The floor space was packed in one of Lagos’ most iconic venues as artist after artist took to the stage to deliver a simple political message: vote.
It was early June, and hundreds of young people had crammed into the city’s historic Tafawa Balewa Square for a free concert organised by musician and actor Falz, alongside other prominent Nigerian artists including Afrobeats stars Teni and Mayorkun, rapper M.I, and Joeboy. The only requirement to get in was that you had to prove you were registered to vote in the country’s upcoming election, but registration booths were on site to get more signed up.
“I was prompted to do the concert because I believe that this is one of the most important moments in [Nigeria’s] story,” Falz told VICE World News. “We have a really big election year coming up, now more than ever it is very important for as many people as possible, especially young people to participate in the electoral process.”
In February 2023, Nigeria will elect a new president as Muhammadu Buhari prepares to step down. The country’s two main political parties – the People’s Democratic Party (PDP) and the All Progressives Congress (APC) – have selected their two candidates.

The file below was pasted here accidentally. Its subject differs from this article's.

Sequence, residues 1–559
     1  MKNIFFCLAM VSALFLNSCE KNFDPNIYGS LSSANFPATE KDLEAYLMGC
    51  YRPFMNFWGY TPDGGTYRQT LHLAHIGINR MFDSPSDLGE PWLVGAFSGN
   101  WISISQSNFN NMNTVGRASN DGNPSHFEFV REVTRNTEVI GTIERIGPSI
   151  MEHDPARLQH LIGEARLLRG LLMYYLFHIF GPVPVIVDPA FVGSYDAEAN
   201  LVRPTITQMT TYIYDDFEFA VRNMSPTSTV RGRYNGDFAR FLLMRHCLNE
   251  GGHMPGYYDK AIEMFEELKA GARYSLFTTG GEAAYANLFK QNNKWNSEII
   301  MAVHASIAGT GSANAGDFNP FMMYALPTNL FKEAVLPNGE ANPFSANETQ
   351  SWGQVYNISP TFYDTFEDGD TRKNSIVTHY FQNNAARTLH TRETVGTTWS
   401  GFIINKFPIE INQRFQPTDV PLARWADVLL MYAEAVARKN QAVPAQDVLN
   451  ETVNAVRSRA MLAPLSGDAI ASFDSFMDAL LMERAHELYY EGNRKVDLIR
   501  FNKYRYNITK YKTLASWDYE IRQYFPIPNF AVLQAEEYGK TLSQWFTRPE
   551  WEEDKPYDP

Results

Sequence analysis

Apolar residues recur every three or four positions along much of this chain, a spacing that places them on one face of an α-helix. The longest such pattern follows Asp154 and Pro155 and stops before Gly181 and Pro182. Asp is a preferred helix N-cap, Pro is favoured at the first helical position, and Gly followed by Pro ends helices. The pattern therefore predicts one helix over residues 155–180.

The 200-million-strong population will most likely have to choose between the PDP’s Atiku Abubakar – who was once banned from the US for his alleged links to multiple corruption scandals – and the ruling APC’s Bola Tinubu, who has been repeatedly accused of using official state funds to buy political power.
This choice has left young Nigerians searching for a third option. Some, including many who led 2020’s #EndSARS mass nationwide movement against police brutality and government corruption, think they’ve found that candidate: Peter Obi, the 61-year-old former governor of the large eastern state of Anambra. Obi is a wealthy businessman who has built a political brand promoting himself as an affable, frugal, incorruptible technocrat. After falling out with the PDP, he is standing for the comparatively small, new Labour Party, with support for his candidacy mobilised largely through social media. On TikTok, the hashtag #PeterObiForPresident, which mostly accompanies Fancams of the candidate, currently has over 25 million views. With 70 percent of Nigeria’s population under 30, a seismic youth turnout could upend the vote.
“Over the past couple of years, there has been a high rate of apathy that we are trying not to see this time around,” Falz, who was a key voice during the #EndSARS protests, said. “The turnout [at the concert] was amazing and very encouraging. So many people came out and from our end, so many artists came out to lend their voices. I think it was a great success, but the work is continuous, it doesn't stop there. Every single day, whether it is via social media, whether it’s via word of mouth, we are trying to get as many people as possible to get registered and to get ready next year to exercise their fundamental rights.”